In 1964 Arno Penzias and Robert Wilson discovered the cosmic background radiation while I was discovering 1940s and 1950s astronomy in musty old books in the Miami Public Library.  I never imagined anything like the Hubble Space Telescope, or all the magnificent robotic explorers that have flown across the solar system in our lifetime.  And who imagined a future with only eight planets?  Isn’t that a step backwards?  On the other hand, just rent The Universe from Netflix and watch several seasons.  What we’ve learned about cosmology is mind blowing, far beyond the wildest imaginations of legions of science fiction writers.

Back in the sixties our parents told us to clean our dinner plates because it was horrible to let food go to waste when people were starving in China, but now China is about to eat our lunches racing to new far out futures.  Did any SF writer see that change coming?  Did anyone foresee America retiring from manned exploration of space?  Or that maybe the Chinese might do what we once dreamed.

One of the strangest things for me living on the other side of the future are the deaths of Heinlein/Clarke/Asimov.  In the book club we’re mostly partial to books from the 1950s and 1960s and we feel science fiction itself has changed.  In that old back to the future world, science fiction was about conquering reality, but now it’s either about escaping from reality, or dark stories about how reality is going to conquer us.  Science has discovered a universe far vaster and more slower to travel than we ever imagined.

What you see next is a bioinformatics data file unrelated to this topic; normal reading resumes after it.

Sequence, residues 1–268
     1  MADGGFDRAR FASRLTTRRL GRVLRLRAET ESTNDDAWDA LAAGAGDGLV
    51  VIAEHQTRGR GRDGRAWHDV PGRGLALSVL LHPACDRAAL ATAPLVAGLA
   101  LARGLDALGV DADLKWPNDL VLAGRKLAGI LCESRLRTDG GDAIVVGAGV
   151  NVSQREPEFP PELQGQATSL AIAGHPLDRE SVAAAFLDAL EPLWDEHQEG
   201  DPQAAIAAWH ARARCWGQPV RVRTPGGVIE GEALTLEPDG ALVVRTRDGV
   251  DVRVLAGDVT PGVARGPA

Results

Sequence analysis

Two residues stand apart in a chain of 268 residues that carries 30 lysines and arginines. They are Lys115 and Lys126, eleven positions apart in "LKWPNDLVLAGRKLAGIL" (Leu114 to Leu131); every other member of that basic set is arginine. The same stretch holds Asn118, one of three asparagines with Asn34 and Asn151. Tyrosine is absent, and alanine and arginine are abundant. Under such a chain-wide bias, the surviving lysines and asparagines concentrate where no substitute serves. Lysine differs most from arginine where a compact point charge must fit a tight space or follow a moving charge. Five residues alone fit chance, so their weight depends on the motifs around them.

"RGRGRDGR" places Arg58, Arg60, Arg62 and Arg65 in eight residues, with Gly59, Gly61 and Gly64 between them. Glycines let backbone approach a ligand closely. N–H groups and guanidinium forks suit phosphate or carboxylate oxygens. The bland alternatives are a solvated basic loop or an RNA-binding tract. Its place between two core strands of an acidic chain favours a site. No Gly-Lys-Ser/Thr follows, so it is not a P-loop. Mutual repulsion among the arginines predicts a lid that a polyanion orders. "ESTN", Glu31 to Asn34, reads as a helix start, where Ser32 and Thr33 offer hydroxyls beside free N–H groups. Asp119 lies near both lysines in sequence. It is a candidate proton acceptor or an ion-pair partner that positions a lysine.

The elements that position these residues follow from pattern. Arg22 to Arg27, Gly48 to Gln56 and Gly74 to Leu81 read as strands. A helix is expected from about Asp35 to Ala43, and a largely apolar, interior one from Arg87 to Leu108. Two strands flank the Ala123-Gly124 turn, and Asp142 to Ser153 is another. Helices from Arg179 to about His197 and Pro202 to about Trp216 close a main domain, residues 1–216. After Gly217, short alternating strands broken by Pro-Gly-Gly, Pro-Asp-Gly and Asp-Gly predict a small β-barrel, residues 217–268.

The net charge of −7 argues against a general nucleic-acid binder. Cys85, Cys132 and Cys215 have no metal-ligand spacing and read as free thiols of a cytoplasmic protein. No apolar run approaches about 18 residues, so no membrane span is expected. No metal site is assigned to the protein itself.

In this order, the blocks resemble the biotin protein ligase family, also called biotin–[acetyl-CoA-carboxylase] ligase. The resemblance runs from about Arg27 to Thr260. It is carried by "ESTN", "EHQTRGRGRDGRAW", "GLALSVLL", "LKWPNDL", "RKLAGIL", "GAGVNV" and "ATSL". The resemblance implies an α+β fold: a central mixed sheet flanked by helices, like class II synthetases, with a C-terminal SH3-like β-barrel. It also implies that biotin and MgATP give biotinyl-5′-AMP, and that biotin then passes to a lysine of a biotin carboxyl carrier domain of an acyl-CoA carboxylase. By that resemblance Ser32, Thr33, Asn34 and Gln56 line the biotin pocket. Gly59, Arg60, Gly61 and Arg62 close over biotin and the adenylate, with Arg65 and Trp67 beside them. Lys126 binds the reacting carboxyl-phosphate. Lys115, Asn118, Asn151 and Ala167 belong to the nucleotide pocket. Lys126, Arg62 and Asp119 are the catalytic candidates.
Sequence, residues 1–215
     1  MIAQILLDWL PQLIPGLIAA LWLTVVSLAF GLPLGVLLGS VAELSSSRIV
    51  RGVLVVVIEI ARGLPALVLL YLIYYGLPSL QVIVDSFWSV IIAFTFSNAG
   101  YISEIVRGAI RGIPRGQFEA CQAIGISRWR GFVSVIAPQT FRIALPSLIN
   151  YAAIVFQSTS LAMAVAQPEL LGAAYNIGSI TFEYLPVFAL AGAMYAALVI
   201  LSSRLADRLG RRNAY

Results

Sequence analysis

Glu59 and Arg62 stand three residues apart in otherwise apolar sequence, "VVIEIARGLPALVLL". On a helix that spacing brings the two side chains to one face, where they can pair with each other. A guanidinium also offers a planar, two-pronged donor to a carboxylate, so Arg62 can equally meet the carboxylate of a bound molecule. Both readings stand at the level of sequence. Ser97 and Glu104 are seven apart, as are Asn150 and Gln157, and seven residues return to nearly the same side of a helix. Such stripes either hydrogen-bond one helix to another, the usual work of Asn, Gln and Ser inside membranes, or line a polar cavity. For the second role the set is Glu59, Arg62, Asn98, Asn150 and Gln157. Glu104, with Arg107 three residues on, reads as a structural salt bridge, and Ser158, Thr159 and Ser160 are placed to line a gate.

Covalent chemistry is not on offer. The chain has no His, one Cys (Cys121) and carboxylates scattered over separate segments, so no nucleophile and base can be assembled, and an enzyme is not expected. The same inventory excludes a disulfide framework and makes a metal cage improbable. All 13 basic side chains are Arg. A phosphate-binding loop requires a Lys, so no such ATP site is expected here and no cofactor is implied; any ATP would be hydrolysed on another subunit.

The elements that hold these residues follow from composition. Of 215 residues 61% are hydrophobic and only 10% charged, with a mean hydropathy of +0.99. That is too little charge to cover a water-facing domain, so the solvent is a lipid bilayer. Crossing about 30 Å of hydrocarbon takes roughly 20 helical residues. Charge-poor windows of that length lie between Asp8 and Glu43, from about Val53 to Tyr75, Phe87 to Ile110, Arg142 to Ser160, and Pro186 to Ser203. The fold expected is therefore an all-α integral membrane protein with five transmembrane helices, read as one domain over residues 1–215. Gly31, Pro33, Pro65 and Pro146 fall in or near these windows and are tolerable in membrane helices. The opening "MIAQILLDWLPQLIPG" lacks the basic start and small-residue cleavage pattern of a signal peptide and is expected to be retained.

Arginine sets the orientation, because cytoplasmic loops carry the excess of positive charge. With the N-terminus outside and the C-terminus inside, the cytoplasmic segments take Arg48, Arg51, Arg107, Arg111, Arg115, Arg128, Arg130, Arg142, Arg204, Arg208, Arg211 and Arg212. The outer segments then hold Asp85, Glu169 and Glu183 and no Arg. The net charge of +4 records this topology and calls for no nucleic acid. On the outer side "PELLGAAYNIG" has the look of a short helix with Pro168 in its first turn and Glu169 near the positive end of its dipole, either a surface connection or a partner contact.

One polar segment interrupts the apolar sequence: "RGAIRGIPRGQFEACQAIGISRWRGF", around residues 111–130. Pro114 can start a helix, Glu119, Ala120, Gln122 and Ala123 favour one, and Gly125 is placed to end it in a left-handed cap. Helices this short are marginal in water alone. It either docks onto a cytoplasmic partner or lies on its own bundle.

Nostalgia seems to be the order of the day for us old folks at Classic Science Fiction.  We read and reread the good old days of science fiction.  Political and scientific realities make us dream of simpler days of rocket ships and ray guns.  Do we return to the classics of science fiction like opium addicted dreamers giving up on reality?  Do we cherish the dreams of youth more than reality on the other side of the future?

JWH – 11/15/10

6 thoughts on “The Other Side of the Future”

  1. Great post! You’ve been cranking them out these past few days. I couldn’t help but think while reading it that despite what they got wrong, think of all the things Heinlein/Clarke/Asimov got right!

    While I too lament that the world dreamed of in the 50’s SF isn’t a reality, I am amazed at what creative people have accomplished in the decades since. The things that can be done all at the same time with a computer or smart phone is one great example of something that should elicit a sense of awe and wonder.